22 October, 2015
WASHINGTON: The Obama administration is preparing to sell eight F-16 fighter jets to Pakistan in an attempt to bolster the two countries’ relationship despite Washington’s reservations about Pakistan’s growing nuclear arsenal, said a report published on The New York Times (NYT) website.
The aircraft sales, which the United States (US) Congress could block, would be a symbolic step given Pakistan’s current large fleet of fighter jets.
According to the NYT report, the Congress was notified just days ago about the proposed sale of the additional fighters although it is not clear if the White House plans to announce the sale of the aircraft during Prime Minister Nawaz Sharif’s ongoing visit to Washington.
The new fighter jets would add to Pakistan’s sizable force of fighter jets which includes more than 70 F-16s and dozens of French and Chinese attack aircraft, the report said.
Earlier in April, the US State Department approved Pakistan’s request for a billion dollars worth of military hardware and equipment, identifying Pakistan as a country of vital importance for US foreign policy and national interests.
In May this year, the US handed over to Pakistan over 14 combat aircraft, 59 military trainer jets and 374 armoured personnel carriers, Dawn newspaper had reported. The weapons supplied to Pakistan were earlier used by American forces in Afghanistan and Iraq.
The NYT report says that many in the US Congress are concerned that the F-16 jets are more useful to Pakistan in its long confrontation with India than for counterterrorism operations.
It is not certain whether the Congress will approve the deal. According to NYT, the Congress and the US State Department are already in a standoff over an effort to sell used Navy cutter vessels to Pakistan earlier this year.
In March, the US House Committee on Foreign Affairs put a hold on about $150 million in foreign military financing. The committee said the cutters were not essential to fighting militants, NYT quoted American officials as saying.
The decision of the sale of fighter jets comes ahead of Thursday’s meeting between President Barack Obama and Prime Minister Nawaz Sharif.
Obama is expected to press Nawaz on the Taliban, nuclear safety and a range of other issues when the troubled allies meet at the White House.
Despite efforts to smooth divisions behind handshakes, smiles and items of agreement, long-standing security concerns are likely to dominate the Oval Office discussions.
Islamabad’s alleged ties with the Afghan Taliban, its alleged support for groups opposed to India and the US and its rapidly growing nuclear arsenal are seen by Washington as security headaches.
The US is interested in moving Pakistan toward an arrangement limiting the scope of its nuclear stockpile, but there are few signs that any breakthrough is in sight.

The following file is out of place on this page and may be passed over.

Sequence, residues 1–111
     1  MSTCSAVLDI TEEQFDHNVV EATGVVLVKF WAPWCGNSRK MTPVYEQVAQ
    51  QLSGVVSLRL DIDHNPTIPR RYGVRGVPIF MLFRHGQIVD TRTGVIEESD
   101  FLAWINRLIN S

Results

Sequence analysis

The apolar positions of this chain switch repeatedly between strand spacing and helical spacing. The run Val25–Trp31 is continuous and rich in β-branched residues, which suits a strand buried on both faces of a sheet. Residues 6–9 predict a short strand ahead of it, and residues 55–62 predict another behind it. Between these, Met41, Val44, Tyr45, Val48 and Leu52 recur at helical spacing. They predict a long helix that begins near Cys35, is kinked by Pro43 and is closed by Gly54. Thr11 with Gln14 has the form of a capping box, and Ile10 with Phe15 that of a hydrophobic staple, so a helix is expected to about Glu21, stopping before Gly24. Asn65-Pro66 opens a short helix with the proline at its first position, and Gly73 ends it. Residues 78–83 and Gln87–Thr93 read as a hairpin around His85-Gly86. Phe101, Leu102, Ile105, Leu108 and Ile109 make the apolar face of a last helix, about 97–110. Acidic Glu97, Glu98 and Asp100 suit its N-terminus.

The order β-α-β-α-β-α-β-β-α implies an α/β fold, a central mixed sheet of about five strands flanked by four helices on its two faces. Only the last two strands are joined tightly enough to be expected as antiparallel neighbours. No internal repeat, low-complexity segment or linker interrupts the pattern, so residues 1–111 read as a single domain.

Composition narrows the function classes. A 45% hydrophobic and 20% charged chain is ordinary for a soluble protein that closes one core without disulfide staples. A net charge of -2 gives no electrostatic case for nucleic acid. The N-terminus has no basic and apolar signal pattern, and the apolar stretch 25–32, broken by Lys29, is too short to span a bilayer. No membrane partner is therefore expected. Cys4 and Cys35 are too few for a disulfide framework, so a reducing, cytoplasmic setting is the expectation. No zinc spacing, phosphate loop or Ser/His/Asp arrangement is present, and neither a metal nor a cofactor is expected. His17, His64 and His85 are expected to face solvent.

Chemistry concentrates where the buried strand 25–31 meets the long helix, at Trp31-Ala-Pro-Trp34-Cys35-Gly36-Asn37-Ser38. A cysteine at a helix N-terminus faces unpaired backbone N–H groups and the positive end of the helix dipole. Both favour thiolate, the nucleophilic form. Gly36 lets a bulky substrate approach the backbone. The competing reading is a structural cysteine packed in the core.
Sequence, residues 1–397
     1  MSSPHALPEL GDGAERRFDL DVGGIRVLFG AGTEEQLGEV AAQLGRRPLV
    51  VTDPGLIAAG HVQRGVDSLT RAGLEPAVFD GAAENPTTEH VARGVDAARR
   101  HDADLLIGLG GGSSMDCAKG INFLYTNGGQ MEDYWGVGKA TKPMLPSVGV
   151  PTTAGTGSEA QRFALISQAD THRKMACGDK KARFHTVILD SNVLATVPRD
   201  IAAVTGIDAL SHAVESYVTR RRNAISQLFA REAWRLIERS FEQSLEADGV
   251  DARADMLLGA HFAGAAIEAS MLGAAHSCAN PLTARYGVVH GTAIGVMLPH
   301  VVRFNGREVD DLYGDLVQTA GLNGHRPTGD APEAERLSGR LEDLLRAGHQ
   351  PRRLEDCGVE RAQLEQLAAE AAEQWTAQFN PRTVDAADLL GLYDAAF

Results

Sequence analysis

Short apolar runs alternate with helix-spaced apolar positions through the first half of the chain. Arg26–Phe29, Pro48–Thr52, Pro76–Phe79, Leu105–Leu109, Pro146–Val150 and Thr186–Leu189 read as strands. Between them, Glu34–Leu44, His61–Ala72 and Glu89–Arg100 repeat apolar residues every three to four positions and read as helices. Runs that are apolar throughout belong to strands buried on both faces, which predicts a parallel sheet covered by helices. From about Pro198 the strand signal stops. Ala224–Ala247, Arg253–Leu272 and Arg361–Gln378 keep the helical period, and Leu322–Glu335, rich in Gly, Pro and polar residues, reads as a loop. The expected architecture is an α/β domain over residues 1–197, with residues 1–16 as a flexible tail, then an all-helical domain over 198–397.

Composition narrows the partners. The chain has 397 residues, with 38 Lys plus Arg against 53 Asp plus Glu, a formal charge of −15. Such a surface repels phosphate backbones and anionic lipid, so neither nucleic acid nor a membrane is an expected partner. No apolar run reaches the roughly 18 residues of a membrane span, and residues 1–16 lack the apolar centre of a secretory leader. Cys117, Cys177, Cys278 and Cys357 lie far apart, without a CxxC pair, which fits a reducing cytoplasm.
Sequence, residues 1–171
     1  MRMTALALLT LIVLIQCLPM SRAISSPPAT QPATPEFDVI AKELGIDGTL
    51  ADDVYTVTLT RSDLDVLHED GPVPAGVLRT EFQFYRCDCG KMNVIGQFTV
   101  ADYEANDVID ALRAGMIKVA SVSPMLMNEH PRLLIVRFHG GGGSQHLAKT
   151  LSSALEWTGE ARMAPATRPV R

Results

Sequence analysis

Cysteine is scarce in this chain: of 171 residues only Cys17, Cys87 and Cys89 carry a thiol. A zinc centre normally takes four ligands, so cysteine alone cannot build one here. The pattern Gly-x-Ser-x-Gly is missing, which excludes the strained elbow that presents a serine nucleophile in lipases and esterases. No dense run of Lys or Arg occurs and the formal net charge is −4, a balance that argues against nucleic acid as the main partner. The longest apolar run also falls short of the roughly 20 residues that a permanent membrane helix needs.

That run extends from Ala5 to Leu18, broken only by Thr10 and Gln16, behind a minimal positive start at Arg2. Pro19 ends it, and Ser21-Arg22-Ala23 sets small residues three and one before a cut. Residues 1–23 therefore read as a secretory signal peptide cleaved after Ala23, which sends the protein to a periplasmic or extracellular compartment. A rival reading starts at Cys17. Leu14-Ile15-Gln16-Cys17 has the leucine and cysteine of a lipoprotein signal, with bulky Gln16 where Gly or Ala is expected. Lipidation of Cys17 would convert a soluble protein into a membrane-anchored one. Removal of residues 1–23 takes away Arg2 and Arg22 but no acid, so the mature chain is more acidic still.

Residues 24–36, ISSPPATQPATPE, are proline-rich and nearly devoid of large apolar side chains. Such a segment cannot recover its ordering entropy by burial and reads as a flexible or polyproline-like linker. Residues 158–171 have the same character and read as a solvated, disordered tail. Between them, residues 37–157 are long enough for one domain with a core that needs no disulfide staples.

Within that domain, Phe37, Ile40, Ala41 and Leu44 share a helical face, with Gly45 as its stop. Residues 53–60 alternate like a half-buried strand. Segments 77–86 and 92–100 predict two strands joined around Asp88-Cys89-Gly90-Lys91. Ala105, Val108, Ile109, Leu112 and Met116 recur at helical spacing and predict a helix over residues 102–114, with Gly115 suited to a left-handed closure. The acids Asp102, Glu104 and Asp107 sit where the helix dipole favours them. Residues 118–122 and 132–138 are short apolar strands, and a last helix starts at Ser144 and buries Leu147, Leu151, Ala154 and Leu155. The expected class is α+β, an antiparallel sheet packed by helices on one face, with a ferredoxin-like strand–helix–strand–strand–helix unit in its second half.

In a new report released Thursday, two authoritative nuclear analysts estimated that Pakistan’s nuclear weapons stockpile has increased to between 110 and 130 warheads from an estimated 90 to 110 in 2011.
The analysts, Hans M. Kristensen and Robert S. Norris, foresee it possibly expanding further to 220 to 250 warheads in another 10 years. That would make Pakistan the world’s fifth largest nuclear weapons state behind the United States, Russia, China and France.
Washington’s relationship with Islamabad is a prickly one, born of a fraught inter-dependency but pollinated by mutual mistrust.
Relations were plunged into deep crisis when 9/11 mastermind Osama bin Laden was discovered to be living in the major Pakistani garrison city of Abbottabad.
“The bottom line is that there are a lot of deep disagreements between these two countries,” said Michael Kugelman of the Woodrow Wilson Center.
The meeting of Nawaz and Obama comes as the White House increasingly shifts its focus in South Asia to Pakistan’s rival India.
Obama recently announced that US troops would be staying in Afghanistan longer than he had promised, but the White House is keen to get the Afghan Taliban to the negotiating table.
The resurgent Islamists briefly captured the key northern Afghan city of Kunduz this month.
The US sees Pakistan as one of the few sources of influence over the extremists, and analysts say Washington will use the four-day trip to urge Nawaz to keep pushing for a new round of talks. Experts say new Afghan Taliban leader Akhtar Mansour has close ties to Pakistan.
Kabul has accused Islamabad of harbouring and nurturing Afghan Taliban insurgents — allowing them to launch attacks in Afghanistan before melting back across the border.
Obama recently previewed his meeting with Nawaz by saying: “I will continue to urge all parties in the region to press the Taliban to return to peace talks and to do their part in pursuit of the peace that Afghans deserve.”